September 8th. 2005,
Sent to Boston Globe but not published

Thank you for giving James Kilts a pulpit from which he can assure the rest of us that the Proctor and Gamble merger with Gillette is a good one (Globe, Op-Ed, September 8th., 2005, A17).

The unanswered question in his piece is: Good for whom?

All of the people he mentions who endorsed the merger represent just one of the many stakeholders in Gillette -- the shareholders. What about the employees -- many of them will lose jobs. What about the cities in which those employees live. They will lose the purchases of those employees with a knock-on de-multiplier effect: the stores and service establishments patronised by those employees will lose business. What about consumers? There is no mention by Mr Kilts of the benefits to consumers that the merged company will provide. If he did not mention them, does that mean there are none?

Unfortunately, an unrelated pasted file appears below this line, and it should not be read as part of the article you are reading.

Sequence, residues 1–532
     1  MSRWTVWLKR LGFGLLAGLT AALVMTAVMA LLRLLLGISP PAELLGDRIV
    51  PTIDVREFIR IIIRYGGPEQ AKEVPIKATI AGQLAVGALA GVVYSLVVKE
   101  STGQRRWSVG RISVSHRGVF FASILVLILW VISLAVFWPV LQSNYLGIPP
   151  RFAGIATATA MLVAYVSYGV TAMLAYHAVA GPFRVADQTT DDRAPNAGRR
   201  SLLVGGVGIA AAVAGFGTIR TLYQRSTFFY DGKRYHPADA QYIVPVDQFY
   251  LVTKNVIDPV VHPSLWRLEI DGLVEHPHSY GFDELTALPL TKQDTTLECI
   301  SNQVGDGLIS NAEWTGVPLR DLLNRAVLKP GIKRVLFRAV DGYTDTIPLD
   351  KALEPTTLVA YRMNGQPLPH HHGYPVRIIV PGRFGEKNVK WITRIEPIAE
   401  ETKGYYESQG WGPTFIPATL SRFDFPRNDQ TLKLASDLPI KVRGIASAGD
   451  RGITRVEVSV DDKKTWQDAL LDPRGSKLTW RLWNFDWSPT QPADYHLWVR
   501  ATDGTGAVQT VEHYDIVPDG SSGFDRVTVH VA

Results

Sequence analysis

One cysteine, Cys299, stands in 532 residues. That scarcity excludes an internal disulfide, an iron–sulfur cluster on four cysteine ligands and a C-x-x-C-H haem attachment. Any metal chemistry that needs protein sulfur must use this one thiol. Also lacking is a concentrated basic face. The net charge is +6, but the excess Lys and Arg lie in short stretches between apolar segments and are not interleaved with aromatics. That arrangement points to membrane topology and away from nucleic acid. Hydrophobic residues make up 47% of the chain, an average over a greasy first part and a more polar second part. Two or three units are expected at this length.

Of course Mr Kilts, who is now drawing a retainer as a Board Member of the New York Times Company (owner of of the Boston Globe), is the biggest beneficiary of all. He walks away with an enormous $156 million golden parachute.

Let's see what that means in terms that we can all understand. The average salary in Boston is $48,000. So, if Mr Kilts had declined this package, about 3,421 persons could have continued to be employed by Gillette in Boston for a year. Maybe those job losses could have been achieved by attrition rather than lay-off. Mr Kilts, of course, did not mention that in his paean to the merger.

In the interests of full disclosure he should have.

The picture is darker and more complex than that painted by Mr. Kilts. Even if the plant remains, with decision making moving from Boston to the headquarters in Cincinatti, can we be sure that Boston's concerns will be front and center? I am not sure.